The bi-annual 2010 IBM Global CEO Survey identified the single most important leadership attribute CEOs are looking for in future leaders is creativity and their ability to cultivate creativity throughout the organization. Today’s global business environment continues to grow in complexity and volatility. Creativity, at every touch point throughout an organization, is now a key, strategic differentiator that directly contributes to competitive advantage. Not simply in relationship to what companies do in their marketplace, but how they go about doing it as well.
Now, I don’t know about you, but I don’t recall seeing creativity as part of my business school’s core curriculum. Or being offered any seminars, workshops, or creativity coaching while working my way into leadership in Corporate America. So how does an aspiring leader learn how to cultivate creativity in themselves so that they might then begin to propagate it throughout the workplace? After four years of canvasing the peer-reviewed research in a broad spectrum of scientific disciplines, including creativity research, combined with applying and validating our approach in a variety of workshop settings and coaching engagements, here’s our suggestion. It starts with a journey as old as humankind; it starts by stepping onto the path of authentic self discovery.
It turns out, creativity is whole brain thinking. The right brain/left brain paradigm has been proven to be wildly over generalized. The creative thinker’s brain oscillates readily between periods of spherical thinking (traditionally called divergent thinking) and convergent focus. It moves readily between both hemispheres of the brain. The creative thinker’s brain displays both detachment and emotional self-regulation (a key inhibiting neurological activation in the pre-frontal cortex identified during convergent focus). It is open, intuitive and highly inclusive of novel perspectives. Leaders can begin to improve their creative thinking capabilities, and more importantly, their ability to cultivate and sustain a highly creative, organizational culture, by developing the core competencies of emotional intelligence (self-awareness, self-regulation, social awareness and co-creative relationship skills).
Our brains have plasticity; the ability to develop new neural pathways, which, quite literally change the way we think and perceive the world around us. This is especially true in the prefrontal cortex, which is the most recent part of the human brain to have evolved. It is also the last part of our brain to fully develop. It continues to mature and come online until our early to mid-twenties. To paraphrase Daniel Goleman, the prefrontal cortex is the executive center of the brain. Neurologically, it is at the junction of our ancient amygdala (our early warning center) and our higher functioning, rational brain. When we develop skills that support the growth of our emotional intelligence, new neural pathways emerge along with new connections. By developing and practicing self-awareness, self-regulation, social awareness, and our relationship management capabilities, we step upon the path to self-mastery. In doing so, we can positively influence and initiate biochemical cascades (hormones), within ourselves and in those around us, that directly effect our creativity, productivity, physical and psychological well being.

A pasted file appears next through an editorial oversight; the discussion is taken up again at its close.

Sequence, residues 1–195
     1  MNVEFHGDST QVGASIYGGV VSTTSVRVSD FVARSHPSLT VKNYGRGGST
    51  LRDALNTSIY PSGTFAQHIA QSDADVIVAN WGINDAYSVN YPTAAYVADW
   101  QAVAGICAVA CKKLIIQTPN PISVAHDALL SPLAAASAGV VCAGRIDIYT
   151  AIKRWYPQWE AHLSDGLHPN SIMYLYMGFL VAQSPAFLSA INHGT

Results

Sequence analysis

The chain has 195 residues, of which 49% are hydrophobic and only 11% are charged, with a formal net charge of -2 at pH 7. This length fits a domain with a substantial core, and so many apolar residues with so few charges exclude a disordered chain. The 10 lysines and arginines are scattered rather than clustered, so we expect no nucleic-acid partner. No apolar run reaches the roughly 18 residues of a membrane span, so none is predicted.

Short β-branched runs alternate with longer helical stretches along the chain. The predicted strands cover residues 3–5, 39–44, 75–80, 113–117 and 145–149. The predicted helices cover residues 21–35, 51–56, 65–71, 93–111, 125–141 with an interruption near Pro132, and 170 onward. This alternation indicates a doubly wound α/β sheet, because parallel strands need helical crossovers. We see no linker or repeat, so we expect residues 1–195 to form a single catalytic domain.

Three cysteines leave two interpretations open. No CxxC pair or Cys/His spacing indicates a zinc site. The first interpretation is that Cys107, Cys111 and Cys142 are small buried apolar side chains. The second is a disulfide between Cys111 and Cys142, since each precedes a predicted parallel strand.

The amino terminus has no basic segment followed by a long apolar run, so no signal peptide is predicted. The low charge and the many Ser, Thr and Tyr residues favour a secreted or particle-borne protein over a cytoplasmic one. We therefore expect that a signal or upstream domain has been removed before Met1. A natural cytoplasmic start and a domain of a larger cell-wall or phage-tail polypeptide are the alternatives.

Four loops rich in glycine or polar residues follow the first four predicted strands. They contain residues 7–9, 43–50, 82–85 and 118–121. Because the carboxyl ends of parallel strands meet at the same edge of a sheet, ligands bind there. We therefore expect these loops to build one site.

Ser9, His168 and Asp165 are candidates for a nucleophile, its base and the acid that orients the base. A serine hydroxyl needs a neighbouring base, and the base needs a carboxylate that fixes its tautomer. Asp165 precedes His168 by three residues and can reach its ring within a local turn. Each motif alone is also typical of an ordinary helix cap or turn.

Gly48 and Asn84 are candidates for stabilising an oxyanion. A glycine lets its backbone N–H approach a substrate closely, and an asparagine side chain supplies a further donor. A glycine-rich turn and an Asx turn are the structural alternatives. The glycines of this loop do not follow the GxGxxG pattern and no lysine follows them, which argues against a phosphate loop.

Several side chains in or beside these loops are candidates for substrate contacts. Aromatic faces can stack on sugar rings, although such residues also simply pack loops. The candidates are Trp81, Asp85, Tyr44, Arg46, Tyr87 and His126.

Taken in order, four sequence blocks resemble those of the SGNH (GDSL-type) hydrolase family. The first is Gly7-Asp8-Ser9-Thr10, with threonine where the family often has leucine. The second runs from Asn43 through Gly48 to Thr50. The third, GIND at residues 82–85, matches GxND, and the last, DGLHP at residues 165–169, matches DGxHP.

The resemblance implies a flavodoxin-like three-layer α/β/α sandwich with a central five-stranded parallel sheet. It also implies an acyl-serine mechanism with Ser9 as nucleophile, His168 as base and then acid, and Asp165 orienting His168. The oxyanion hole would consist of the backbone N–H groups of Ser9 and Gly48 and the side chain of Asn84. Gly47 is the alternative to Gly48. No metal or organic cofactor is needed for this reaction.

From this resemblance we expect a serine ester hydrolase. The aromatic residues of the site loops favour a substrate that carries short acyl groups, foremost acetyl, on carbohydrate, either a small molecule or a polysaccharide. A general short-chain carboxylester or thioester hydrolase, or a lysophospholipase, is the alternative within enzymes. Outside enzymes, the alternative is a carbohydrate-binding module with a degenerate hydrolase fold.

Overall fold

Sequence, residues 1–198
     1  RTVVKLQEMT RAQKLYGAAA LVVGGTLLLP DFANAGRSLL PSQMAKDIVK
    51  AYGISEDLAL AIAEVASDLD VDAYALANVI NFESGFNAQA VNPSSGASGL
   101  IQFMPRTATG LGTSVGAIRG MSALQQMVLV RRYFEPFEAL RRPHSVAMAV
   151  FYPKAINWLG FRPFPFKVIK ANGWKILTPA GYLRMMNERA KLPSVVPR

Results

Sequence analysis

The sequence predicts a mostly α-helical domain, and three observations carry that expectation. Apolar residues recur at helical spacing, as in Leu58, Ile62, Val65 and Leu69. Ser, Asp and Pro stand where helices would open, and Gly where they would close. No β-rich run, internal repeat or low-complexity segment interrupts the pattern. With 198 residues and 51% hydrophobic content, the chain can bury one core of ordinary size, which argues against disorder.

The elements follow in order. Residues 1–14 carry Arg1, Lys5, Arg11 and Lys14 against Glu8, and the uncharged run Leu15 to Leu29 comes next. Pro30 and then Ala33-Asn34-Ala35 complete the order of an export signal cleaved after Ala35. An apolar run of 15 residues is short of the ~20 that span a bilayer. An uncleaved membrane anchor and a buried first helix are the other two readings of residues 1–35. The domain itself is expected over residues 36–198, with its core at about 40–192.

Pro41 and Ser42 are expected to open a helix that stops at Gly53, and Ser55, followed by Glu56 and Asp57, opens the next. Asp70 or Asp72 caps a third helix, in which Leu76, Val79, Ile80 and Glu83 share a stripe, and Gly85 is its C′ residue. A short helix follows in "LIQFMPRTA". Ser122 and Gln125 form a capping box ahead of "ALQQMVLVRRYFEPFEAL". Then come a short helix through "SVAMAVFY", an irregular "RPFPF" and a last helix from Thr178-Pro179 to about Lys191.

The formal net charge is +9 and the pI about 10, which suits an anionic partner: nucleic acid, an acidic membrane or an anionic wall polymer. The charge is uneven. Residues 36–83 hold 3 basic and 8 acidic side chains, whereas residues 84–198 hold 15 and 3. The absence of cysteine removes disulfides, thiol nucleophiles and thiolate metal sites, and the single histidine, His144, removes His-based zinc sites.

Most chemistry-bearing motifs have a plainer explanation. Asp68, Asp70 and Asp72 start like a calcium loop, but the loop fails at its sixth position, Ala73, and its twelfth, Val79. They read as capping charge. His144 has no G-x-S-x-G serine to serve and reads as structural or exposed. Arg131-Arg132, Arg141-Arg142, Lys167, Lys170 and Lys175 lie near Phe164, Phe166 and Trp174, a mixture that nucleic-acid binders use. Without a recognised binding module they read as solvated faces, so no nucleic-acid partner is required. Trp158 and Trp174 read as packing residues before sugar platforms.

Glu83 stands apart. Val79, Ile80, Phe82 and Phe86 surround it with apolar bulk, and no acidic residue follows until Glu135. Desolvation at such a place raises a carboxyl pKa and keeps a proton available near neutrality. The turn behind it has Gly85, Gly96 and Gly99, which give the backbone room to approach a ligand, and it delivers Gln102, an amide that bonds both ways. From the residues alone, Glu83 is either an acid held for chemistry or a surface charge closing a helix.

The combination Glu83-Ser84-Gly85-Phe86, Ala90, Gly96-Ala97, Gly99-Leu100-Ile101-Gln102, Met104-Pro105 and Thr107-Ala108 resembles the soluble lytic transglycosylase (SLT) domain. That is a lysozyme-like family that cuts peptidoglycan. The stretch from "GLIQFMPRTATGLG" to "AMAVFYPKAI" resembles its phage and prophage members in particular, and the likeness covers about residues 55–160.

Those capable of self-mastery, of mindfully engaging their emotional landscape (internally and externally), experience multi-dimensional benefits. First, they experience the physiological and psychological benefit called coherence.1 Coherence occurs when the oscillatory systems of the body (i.e. heart beat, respiratory rate, blood pressure, brain waves) synchronize and become entrained together in frequency.2 Coherence improves physiological function on a biochemical and metabolic level. We all know that unhealthy levels of stress have a negative impact on our immune system and the health of our heart. Being in a state of coherence is believed to have the opposite effect.
Still another benefit of coherence is its effect on our ability to positively engage and motivate those around us. When we express empathy for another being, entrainment of each person’s physiological rhythms ensues. Research conducted by Drs. Levenson and Gottman at UC Berkeley observed this phenomena between spouses.3 Research conducted by Carl Marci at Harvard University documented similar results of coherence and physiological entrainment between patients and psychotherapists during expressed moments of empathy by the therapist.4 When people connect emotionally we actually connect physiologically as well.
Emotionally intelligent leaders can actually affect their own biochemistry and state of flow as well as the people around them. Doing so positively impacts organizational culture, opening and holding the space for creative thinking to emerge throughout the organization. If there are any secrets to developing the right leadership competencies for the 21st century’s multi-cultural, multi-generational, creative, adaptive workplace, they lie in our very own human nature.
1.) R. McCraty, M. Atkinson, “Psychophysiological Coherence”, D, McCraty R, Wilson BC, eds. Emotional Sovereignty. Amsterdam: Harwood Academic Publishers, forthcoming.
2.) R. McCraty, “The Energetic Heart – Bioelectromagnetic Interactions Within and Between People”. Institute of HeartMath, Boulder Creek, CA., 2003.
3.) R. Levenson, A. Ruef, “Physiological Aspects of Emotional Knowledge and Rapport”, In: W. Ickes, ed. Empathic Accuracy, Guilford Press, New York, New York 1997.
4.) C. Marci, “Psychophysiology and Psychotherapy: The Neurobiology of Human Relatedness”, Practical Reviews of Psychiatry, 2002; 25(3).
© 2012, Terry Murray.